Enterprise, Alabama

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Enterprise, Alabama
Boll Weevil Monument
Motto: "City of Progress"
Location in Coffee County and the state of Alabama
Location in Coffee County and the state of Alabama
Coordinates: 31°19′39″N 85°50′40″W / 31.32750°N 85.84444°W / 31.32750; -85.84444
Country United States
State Alabama
Counties Coffee, Dale
Founded 1896
 • Mayor Kenneth W. Boswell
 • Total 31.3 sq mi (81.1 km2)
 • Land 31.2 sq mi (80.9 km2)
 • Water 0.08 sq mi (0.2 km2)
Elevation 358 ft (109 m)
Population (2013)[1]
 • Total 27,775
 • Density 850/sq mi (328.3/km2)
Time zone CST (UTC-6)
 • Summer (DST) CDT (UTC-5)
ZIP code 36330-36331
Area code(s) 334
FIPS code 01-24184
GNIS feature ID 0118005
Website www.cityofenterprise.net

Enterprise is a city in the southeastern part of Coffee County and the southwestern part of Dale County in the southeastern part of Alabama in the Southern United States. The population was 26,562 at the 2010 census.[2] Enterprise is the primary city of the Enterprise Micropolitan Statistical Area (with the portion of the city located in Dale County part of the Ozark Micropolitan Statistical Area), and is also part of the Dothan-Enterprise-Ozark Combined Statistical Area.

Enterprise is famous for the Boll Weevil Monument, a large monument of a woman holding a boll weevil, which is located in the middle of Main Street. The city erected the statue because the destruction of the cotton crop by the boll weevil had led to agricultural diversity, starting with peanuts and more prosperity than had ever come from cotton alone. It is said to be the only statue to an insect pest in the world. Enterprise is right outside of Fort Rucker, an Army base which is the home of Army Aviation.

Enterprise is home to Enterprise State Community College.


Founding of the Boll Weevil Monument[edit]

Main article: Boll Weevil Monument
Historical marker and Boll Weevil Monument in downtown Enterprise

The founder of Enterprise, John Henry Carmichael, first settled there in 1881. Carmichael opened a store, which attracted more settlers to the area, and by the next year a post office was relocated from the settlement of Drake Eye to the north to Enterprise. In 1896, with 250 people having settled there, the city of Enterprise incorporated. Soon afterward, the Alabama Midland Railway came to Enterprise, bringing with it opportunities for commerce and growth. By 1906, ten years after the city incorporated, its population had grown to 3,750.[3]

The way of life in Enterprise came under threat in 1915. An infestation of boll weevils had found its way into the region's cotton crops, resulting in the destruction of most of the cotton in Coffee County. Facing economic ruin, the nearly bankrupt area farmers were forced to diversify, planting peanuts and other crops in an effort to lessen the damage and recoup some of the losses inflicted upon them by the invading insect.[3]

Two years later, Coffee County was the leading producer of peanuts in the United States. Enterprise was able not only to stave off disaster, but its economy was renewed by the thriving new crop base. In appreciation, the people of Enterprise erected a monument in the city center to what the monument describes as their "herald of prosperity"; the boll weevil.[4] The Boll Weevil Monument was dedicated on December 11, 1919, as a reminder of how the city adjusted in the face of adversity. It is the only monument to an agricultural pest in the world.[3]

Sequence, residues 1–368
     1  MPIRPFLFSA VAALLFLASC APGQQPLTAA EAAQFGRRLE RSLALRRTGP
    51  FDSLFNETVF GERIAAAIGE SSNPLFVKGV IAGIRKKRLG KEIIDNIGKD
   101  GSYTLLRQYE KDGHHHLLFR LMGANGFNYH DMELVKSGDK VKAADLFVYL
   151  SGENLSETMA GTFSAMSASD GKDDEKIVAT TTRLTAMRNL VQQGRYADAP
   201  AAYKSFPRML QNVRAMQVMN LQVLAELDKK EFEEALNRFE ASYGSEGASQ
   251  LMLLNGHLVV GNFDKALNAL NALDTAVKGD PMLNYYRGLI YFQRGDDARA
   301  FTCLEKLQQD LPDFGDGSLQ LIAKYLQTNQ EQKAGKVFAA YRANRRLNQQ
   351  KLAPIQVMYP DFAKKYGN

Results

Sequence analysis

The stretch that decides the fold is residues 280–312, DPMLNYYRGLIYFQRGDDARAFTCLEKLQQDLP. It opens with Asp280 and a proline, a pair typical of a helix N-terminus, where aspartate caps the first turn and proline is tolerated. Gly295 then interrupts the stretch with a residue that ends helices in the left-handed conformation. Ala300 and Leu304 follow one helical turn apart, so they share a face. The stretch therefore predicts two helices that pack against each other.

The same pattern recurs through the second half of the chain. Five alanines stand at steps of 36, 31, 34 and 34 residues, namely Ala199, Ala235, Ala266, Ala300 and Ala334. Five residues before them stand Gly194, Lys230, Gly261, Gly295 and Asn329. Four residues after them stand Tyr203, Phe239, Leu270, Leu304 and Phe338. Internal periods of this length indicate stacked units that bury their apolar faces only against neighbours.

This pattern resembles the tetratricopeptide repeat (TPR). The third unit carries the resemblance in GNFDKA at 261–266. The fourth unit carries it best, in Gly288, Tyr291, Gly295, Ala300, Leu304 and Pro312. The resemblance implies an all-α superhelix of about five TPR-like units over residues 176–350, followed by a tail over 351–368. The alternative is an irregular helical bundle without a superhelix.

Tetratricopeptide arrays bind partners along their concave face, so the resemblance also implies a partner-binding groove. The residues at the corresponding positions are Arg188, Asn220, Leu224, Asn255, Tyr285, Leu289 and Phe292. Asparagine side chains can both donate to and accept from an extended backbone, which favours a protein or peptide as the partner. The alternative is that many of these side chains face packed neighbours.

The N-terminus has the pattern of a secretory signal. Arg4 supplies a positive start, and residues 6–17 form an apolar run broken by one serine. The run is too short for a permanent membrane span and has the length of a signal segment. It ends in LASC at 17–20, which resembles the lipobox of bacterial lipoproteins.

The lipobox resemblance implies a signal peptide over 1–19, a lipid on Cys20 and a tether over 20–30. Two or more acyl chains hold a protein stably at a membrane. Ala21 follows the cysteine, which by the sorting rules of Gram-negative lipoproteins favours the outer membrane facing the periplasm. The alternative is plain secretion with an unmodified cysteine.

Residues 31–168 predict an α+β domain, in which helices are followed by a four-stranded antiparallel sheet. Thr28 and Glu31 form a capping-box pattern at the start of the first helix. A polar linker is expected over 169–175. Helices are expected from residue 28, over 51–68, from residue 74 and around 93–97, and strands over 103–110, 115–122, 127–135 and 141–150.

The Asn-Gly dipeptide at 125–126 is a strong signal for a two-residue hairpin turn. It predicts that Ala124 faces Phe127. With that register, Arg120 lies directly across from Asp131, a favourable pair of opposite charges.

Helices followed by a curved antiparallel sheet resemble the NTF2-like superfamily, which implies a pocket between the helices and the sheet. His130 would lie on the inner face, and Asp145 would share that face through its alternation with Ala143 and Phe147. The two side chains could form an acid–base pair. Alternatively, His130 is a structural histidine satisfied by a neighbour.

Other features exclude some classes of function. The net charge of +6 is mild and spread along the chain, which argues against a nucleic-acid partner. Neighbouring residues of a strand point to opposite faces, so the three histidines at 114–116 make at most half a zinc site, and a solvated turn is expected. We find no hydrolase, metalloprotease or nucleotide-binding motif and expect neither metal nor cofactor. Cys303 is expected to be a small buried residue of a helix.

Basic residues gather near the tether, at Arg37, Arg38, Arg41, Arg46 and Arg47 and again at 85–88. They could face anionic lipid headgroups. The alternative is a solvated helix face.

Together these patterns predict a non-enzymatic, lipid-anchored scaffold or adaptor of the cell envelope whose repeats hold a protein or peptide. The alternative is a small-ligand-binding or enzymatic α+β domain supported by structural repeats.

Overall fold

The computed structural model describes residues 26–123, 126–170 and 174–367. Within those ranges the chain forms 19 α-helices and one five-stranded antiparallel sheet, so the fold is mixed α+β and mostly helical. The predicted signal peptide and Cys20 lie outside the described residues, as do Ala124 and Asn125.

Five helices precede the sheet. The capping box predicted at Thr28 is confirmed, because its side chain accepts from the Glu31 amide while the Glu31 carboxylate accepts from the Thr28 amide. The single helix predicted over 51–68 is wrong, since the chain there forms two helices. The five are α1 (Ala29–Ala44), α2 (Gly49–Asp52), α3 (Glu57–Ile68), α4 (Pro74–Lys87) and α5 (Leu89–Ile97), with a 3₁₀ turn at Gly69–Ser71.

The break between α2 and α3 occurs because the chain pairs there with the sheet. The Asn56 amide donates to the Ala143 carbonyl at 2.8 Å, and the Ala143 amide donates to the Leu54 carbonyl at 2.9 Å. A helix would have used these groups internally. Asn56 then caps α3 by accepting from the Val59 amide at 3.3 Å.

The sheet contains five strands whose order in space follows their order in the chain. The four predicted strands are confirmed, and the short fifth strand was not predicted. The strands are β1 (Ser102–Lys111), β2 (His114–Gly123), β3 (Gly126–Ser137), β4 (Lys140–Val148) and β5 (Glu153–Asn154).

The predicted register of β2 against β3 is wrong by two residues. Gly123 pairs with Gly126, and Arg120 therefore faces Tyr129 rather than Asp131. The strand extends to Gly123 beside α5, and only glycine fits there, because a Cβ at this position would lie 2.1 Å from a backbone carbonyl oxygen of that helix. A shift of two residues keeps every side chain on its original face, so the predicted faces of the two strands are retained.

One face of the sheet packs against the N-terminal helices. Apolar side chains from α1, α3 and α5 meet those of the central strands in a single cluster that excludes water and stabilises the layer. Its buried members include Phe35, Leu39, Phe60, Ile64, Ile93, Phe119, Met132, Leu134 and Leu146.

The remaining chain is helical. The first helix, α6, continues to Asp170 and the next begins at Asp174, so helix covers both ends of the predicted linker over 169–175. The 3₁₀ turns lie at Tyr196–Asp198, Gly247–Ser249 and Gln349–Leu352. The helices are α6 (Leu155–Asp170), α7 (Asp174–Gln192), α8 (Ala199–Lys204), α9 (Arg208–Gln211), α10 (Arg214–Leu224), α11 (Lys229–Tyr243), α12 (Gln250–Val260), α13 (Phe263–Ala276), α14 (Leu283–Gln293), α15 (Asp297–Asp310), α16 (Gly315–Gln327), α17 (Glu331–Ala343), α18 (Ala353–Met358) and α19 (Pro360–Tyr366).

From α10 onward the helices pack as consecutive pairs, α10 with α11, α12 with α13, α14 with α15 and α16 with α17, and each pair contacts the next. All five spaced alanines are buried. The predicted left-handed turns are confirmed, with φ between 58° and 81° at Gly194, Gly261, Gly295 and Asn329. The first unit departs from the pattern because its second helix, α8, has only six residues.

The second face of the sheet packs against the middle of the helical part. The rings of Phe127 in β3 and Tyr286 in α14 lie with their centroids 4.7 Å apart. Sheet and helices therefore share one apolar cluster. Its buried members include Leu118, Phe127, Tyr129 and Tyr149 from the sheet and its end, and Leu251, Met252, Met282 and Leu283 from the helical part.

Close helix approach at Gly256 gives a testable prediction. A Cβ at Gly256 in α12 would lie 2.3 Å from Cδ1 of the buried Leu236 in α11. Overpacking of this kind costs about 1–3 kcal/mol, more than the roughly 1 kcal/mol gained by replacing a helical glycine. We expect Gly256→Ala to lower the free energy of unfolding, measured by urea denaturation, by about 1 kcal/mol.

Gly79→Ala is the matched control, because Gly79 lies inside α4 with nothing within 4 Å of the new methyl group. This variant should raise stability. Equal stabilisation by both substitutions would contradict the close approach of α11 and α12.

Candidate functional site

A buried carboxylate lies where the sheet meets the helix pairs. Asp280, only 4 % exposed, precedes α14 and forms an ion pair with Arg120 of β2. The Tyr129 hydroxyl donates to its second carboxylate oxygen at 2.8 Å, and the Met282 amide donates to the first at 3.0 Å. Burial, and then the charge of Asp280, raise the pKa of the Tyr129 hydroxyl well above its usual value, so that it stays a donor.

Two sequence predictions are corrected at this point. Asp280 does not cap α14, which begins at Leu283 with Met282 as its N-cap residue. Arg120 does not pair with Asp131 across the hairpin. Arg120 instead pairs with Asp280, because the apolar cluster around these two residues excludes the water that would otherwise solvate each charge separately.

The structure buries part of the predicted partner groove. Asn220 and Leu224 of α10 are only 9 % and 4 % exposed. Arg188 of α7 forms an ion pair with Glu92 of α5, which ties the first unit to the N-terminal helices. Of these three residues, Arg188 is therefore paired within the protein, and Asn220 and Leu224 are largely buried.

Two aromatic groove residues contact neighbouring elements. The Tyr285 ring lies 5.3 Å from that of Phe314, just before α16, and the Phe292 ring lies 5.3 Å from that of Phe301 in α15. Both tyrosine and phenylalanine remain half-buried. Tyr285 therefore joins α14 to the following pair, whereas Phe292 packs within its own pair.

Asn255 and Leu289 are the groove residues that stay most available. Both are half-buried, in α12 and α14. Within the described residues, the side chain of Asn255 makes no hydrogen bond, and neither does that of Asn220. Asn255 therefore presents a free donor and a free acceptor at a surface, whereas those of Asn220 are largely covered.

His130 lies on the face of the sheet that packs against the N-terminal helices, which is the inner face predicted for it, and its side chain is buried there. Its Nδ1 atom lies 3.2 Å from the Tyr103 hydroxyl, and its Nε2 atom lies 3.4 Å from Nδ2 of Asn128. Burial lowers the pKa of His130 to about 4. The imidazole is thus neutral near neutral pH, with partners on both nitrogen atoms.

Downtown Enterprise's former Alabama Midland Railway depot, now the Depot Museum

March 2007 tornado[edit]

In the early afternoon of Thursday, March 1, 2007, Enterprise was hit by a devastating tornado (rated EF4) during the February–March 2007 Tornado Outbreak.[5] The tornado caused nine deaths, injured over 121 others, and left severe damage in the city estimated at nearly $307,000,000, becoming the worst disaster in Enterprise history. The worst damage occurred at Enterprise High School, where eight students died after one hallway was almost completely destroyed. A quarter-mile (400 m) wide swath through the downtown area was devastated, with at least 370 houses damaged or destroyed. The National Guard was called into the city, and a dusk-to-dawn curfew was implemented immediately after the disaster. President Bush, who arrived the morning of Saturday, March 3, declared the county a disaster area. An AmeriCorps team was sent to the city to help organize and participate in disaster relief.

Newly constructed Enterprise High School after the tornado

As of June 2008 the Hillcrest Elementary School which was destroyed during the tornado was being rebuilt at the site of the former Enterprise High School. The high school was to be relocated to the west end of the Boll Weevil Circle. It was due to be rebuilt by the 2010–11 school year at a cost of over $80,000,000. Until then the students were required to go to school at the local community college where they built trailers to add classrooms. The high school was rebuilt and reopened on August 23, 2010.[6][7]

One of the water towers of Enterprise showing the city motto


Historical population
Census Pop.
1900 610
1910 2,322 280.7%
1920 3,013 29.8%
1930 3,702 22.9%
1940 4,353 17.6%
1950 7,288 67.4%
1960 11,410 56.6%